“Dance Yrself” also showed one of Murphy’s quirky habits as a performer, as he spent most of the first quiet section puttering around the stage and fixing little details on different pieces of equipment while he sang. This continued throughout the show as he re-adjusted mic stands, fiddled with synth knobs, tightened cymbal screws, wiped off and re-attatched his square vocal mic, and any other little touchups that he noticed. He basically assumed the contrasting roles of frontman and roadie, taking it upon himself to make the show run perfectly. This endearing attention to detail permeates Murphy’s personality, from his music to his interactions with fans after the show. He even dedicated some of his between-song stage banter to reminding all the college students that “fewer” is grammatically correct when speaking about amounts, citing the maddening habit of replacing “fewer” with “less” in all conversational situations.

The set continued with the much-requested “Drunk Girls,” a song that I usually skip on the album but fit perfectly in the context of a Friday-night college party. Throughout the show Murphy’s support musicians played a virtual Guitar Center’s worth of different instruments, and likewise “Drunk Girls” featured two different Soundsystem members on bass. From there, the setlist mirrored LCD’s other shows so far this tour, following “Drunk Girls” with “Get Innocuous,” “Yr City’s A Sucker,” the popular “Daft Punk is Playing at My House,” “I Can Change,” “All My Friends,” “You Wanted a Hit,” “Tribulations,” the punk-laden “Movements,” and an extended “Yeah” to close the set that featured an energy-erupting jam at the end and very likely the thickest synths ever heard in the Leatherstocking region of Upstate New York.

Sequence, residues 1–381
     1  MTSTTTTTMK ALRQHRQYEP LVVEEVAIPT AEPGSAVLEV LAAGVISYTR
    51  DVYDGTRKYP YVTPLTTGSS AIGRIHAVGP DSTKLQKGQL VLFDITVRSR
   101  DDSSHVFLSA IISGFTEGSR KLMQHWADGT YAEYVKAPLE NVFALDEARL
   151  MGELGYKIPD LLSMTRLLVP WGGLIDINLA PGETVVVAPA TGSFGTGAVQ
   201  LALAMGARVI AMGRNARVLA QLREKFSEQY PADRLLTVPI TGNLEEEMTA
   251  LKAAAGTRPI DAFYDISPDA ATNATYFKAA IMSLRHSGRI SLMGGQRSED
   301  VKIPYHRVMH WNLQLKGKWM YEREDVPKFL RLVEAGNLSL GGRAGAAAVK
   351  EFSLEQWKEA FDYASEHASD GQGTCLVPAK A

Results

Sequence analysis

The encore started with a tease of “Someone Great,” which was listed on the setlist but quickly morphed into a loud, lyrically clever, bass-driven “Losing My Edge.” Unfortunately in a live setting the punk accents drown out the lyrics, but as long as Murphy keeps the attitude intact the song works fine, and James Murphy has plenty of attitude. The encore ended with a similarly bassy, triumphant “Home,” with the band bathed in thick white haze, ending the evening on a ethereal, optimistic note.

The biggest fear I have about college-hosted shows is the band holding back and saving their true efforts for shows open to the public, but LCD Soundsystem eased my fears immediately. Murphy and Co. don’t seem like they’re capable of giving less than their all, living and becoming their live show whenever they take the stage. Very few bands have the virtuosity and vision of LCD, and after last night, I don’t think I’ll ever see another frontman who cares as much as James Murphy.